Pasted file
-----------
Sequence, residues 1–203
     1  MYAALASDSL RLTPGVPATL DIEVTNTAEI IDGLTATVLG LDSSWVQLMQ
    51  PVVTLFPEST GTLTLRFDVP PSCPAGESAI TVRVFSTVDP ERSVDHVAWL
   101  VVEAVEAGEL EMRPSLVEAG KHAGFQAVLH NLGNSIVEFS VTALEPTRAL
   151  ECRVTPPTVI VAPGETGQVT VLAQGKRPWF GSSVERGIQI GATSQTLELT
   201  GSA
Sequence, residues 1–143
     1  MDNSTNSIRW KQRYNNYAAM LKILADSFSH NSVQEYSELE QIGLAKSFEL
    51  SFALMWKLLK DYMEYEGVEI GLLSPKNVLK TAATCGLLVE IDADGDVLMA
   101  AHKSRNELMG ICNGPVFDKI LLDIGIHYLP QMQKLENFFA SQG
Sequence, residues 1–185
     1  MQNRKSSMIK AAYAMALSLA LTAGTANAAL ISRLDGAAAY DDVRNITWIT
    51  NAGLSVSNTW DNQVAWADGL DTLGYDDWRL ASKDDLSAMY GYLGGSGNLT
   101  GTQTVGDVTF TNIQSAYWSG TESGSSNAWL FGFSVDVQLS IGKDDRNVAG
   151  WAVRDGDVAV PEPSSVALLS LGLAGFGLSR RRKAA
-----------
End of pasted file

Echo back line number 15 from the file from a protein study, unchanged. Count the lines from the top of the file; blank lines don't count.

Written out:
   151  WAVRDGDVAV PEPSSVALLS LGLAGFGLSR RRKAA